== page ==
A vegan iteration of a classic.
There was a time when avocados were particularly exotic ingredients in some places. Jacques Pepin’s autobiography tells a story of his first encounter with poire avocat, or “avocado pear,” when he bit into it expecting a pear and discovered the substantial differences between pears and avocados. (There are worse possible names. The Aztecs thought the resembled a specific part of the male anatomy and used the same word for them; mercifully, 16th-century Spanish explorers couldn’t pronounce the word, and renamed them.)
While we tend to use it as a vegetable, and the “pear” bit could make you think it’s a fruit, it’s actually a large berry. A really, really large berry, with one very big seed in the middle.
There are quite a few varieties of avocados, but the most familiar, bumpy-skinned variety was a lucky accident. In the 1925, a postman named Rudolph Hass bought a small, partially-planted avocado grove after reading a magazine article about making money from selling avocados. The grove had a variety called Fuerte growing on it, so named because the trees are very hearty.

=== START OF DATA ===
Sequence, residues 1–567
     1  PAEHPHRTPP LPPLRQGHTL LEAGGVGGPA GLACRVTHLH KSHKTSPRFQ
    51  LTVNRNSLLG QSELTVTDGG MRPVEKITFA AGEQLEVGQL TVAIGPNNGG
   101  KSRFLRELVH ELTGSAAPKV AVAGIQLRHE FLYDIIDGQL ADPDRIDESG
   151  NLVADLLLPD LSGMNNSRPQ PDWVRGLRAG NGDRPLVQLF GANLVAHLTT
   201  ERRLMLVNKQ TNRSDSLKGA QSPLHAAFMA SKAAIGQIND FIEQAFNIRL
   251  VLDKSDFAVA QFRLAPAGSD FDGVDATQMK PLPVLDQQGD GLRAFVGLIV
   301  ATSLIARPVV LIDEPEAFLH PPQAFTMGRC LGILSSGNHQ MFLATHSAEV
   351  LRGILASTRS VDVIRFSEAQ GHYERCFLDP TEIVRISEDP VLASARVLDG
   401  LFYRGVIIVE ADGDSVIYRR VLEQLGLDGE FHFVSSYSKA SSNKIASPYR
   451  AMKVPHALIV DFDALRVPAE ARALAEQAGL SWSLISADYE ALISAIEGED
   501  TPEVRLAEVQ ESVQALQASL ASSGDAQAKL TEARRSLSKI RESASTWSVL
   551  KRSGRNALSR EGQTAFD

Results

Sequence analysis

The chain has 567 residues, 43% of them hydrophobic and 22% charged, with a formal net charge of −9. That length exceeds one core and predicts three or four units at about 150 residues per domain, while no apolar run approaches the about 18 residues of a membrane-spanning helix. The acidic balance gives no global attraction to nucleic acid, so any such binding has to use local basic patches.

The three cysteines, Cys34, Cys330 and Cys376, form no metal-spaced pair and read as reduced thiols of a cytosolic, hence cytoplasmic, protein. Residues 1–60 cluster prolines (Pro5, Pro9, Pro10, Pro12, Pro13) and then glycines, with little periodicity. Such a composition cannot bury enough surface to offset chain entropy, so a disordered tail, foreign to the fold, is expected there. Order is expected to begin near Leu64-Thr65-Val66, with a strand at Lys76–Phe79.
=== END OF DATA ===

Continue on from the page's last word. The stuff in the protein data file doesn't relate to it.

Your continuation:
Not having a ton of money, he purchased assorted, scavenged avocado seeds–nobody is quite sure what varieties–from a local man. To get bigger trees faster, growers used a technique of planting three seeds at once, then pulling up the two weaker seedlings and grafting them onto the third. One particular tree refused to take the grafts, and produced the Hass avocado. Every single Hass avocado is a descendant of this tree.
The thing that made the Hass so popular? It’s the only variety that grows avocados year-round. Mr. Hass got a patent on the tree and licensed cuttings from it.
A non-vegan recipe for avocado ice cream appeared in the December 8, 1944 edition of the St. Petersburg Times.
Avocado Ice Cream
One-half package Junket Ice Cream Mix, 1/2 pint light cream, 1 ripe avocado, 1 tablespoon lime juice, 1/8 teaspoon grated lime rind.
Press avocado pulp through a fine sieve, add the lime juice and rind and whip until smooth and creamy. Put the cream in a bowl, add the ice cream mix and beat until thickened (it will not get stiff), then stir the avocado mixture thoroughly. Pour into a shallow tray and freeze quickly, with the cold control set at the lowest point. When the ice cream is frozen, set the control back to normal, and allow to “ripen” for several hours. Serves four.
Junket Ice Cream Mix is still available today; it’s a combination of sugar, corn syrup, powdered milk, thickeners and flavoring.
From a box sold in Chicago, Illinois.
Avocado Ice Cream
2 cups water
2 cups soy milk
1 cup honey
1 tsp. vanilla
pinch of salt
Beat the avocado with the water in liquifier. Add the rest of the ingredients and beat until creamy. Freeze in freezer or refrigerator trays.